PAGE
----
Sight is one of our five senses, and it’s crucial to our development and our ability to function properly. We must look after our eye health very early on, and throughout life. Discomfort can occur from early childhood and, if not detected, can progress badly and lead to vision problems and learning difficulties. Teens and adults require the same eye care over the years as our eyes are extremely strained at school, at work, and at play…so we must protect them.
Screen for vision problems
Children, increasingly younger, have been using devices for playing games or for learning. This year, given the more hours spent at home because of the pandemic, it wouldn’t be surprising if more children, especially teenagers, experience greater eye problems.
In general, nearly 25% of school-aged children suffer from visual problems, warns the Association des optométristes du Québec. These problems are not always detected by parents.
But eye health must be taken seriously at any age. Periodic eye exams can detect vision problems, possible illnesses, such as diabetes, or conditions, like cataracts, which most often occur with age.
Recognize the symptoms
Be on the lookout for discomforts and behaviours. If your child is rubbing their eyes, has a headache, experiences dizziness, nausea, or has burning or tired eyes...then it’s time to consult an eye care professional.
Behaviours may also reveal any potential problems that could affect their academic success. Your child may be experiencing difficulty seeing if they squint, tilt their head, hold their book too close to their face or experience difficulty reading, or they always sit too close to the TV. In these cases, a visual acuity test can tell us a lot.
Eye exams from the age of 1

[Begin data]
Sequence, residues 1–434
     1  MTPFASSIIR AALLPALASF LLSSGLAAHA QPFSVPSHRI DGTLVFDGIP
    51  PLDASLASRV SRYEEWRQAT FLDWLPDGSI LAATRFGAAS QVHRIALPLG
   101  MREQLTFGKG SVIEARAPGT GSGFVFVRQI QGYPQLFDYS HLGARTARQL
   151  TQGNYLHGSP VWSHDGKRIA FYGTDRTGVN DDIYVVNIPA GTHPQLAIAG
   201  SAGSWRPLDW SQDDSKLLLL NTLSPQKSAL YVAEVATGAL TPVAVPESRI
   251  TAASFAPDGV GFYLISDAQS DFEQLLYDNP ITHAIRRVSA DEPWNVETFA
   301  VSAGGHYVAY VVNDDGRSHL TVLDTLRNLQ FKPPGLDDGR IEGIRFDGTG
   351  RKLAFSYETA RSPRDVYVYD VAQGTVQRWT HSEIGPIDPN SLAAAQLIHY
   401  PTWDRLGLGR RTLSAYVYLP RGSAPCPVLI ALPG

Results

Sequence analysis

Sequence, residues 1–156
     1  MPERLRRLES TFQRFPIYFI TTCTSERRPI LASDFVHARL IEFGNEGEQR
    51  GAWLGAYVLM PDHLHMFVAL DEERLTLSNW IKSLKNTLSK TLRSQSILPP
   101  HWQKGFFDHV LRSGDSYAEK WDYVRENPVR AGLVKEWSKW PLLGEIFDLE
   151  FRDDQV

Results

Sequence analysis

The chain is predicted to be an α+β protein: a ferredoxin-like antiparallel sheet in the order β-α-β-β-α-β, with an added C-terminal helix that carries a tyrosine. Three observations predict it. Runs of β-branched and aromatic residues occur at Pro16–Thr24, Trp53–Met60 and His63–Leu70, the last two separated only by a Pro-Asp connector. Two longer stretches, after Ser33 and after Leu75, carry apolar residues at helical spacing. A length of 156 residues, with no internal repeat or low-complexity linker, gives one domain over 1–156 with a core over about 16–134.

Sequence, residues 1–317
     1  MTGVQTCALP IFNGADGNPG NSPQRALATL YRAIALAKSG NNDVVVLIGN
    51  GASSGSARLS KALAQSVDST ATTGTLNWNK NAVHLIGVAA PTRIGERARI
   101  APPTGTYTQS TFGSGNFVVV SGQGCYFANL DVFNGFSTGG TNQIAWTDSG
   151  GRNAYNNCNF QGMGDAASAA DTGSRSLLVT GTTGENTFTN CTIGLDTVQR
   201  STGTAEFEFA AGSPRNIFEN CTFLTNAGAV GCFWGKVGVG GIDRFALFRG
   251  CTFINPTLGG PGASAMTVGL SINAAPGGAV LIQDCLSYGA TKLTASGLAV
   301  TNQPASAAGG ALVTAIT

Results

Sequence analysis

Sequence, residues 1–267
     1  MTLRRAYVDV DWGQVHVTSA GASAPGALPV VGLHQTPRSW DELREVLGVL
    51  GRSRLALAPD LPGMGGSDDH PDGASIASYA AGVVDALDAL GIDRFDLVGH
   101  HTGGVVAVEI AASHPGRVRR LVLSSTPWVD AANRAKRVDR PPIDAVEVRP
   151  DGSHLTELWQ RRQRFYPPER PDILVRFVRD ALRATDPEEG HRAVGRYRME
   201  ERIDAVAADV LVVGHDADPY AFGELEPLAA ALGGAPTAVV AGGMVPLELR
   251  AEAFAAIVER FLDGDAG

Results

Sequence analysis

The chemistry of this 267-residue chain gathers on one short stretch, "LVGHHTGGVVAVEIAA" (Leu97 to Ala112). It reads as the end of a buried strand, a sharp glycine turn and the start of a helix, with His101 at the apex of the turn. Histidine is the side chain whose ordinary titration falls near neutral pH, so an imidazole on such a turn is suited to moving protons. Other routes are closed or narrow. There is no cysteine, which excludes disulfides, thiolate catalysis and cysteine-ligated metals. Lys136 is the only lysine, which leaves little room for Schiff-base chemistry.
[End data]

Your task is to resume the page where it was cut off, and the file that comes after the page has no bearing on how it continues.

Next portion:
For optimal eye development, an eye exam should be performed at an early age. Optometrists recommend a first examination around the age of 1 and another at 3 or 4, before entering kindergarten. Eye disorders can be detected even in toddlers and very young children, and they don’t need to know how to read or recognize letter, as optometrists have a choice of tests available to them that are appropriate for your child’s age.
In adulthood, an eye exam is recommended every two years. It often happens that difficulties appear near the end of our 40s. We begin to notice small changes during our evening reading. Or our vision is less clear when driving, and we no longer have the same “focus” as before when driving at night or in more extreme weather conditions. Wearing a very good pair of sunglasses is recommended to lessen the blinding effects of the rays.
Tests at the optometrist will detect abnormalities, such as myopia or astigmatism, and disorders particularly affecting older people, including as glaucoma or cataracts, well before they appear. Many other lesser-known diseases are sometimes discovered through eye exams, such as diabetes, hypertension or even certain cancers.
Protect yourself from screen light and the sun
Be wary of blue light from electronic devices. It is a cause of eye fatigue and headaches. The solutions are to decrease the display intensity on devices and to reduce children’s screen time.
Device overuse also leads to increased dry eye, a degenerative disease that usually affects older people but is seen increasingly more frequently in younger people. Its symptoms are red eyes, burning eyes, unstable vision, or the sensation of having dry eyes. If your teenager needs glasses, at least make them happy by buying a fashionable frame that suits their tastes as much as possible!
Sunlight is 100 times more intense than that of electronic devices. Adults and children should wear sunglasses outdoors and even more so during prolonged exposure, as ultraviolet rays can damage the retina, especially that of small children. Choose quality eyewear that specifically protects against UV rays. Remember that children get on average three times more radiation exposure per year than adults. You should know that there are ophthalmic and photochromic lenses available that filter blue light and UV rays.
The exam is free and paid for by the RAMQ for children under 18 and for people over 65.
Any questions? Don’t hesitate to consult an optometrist.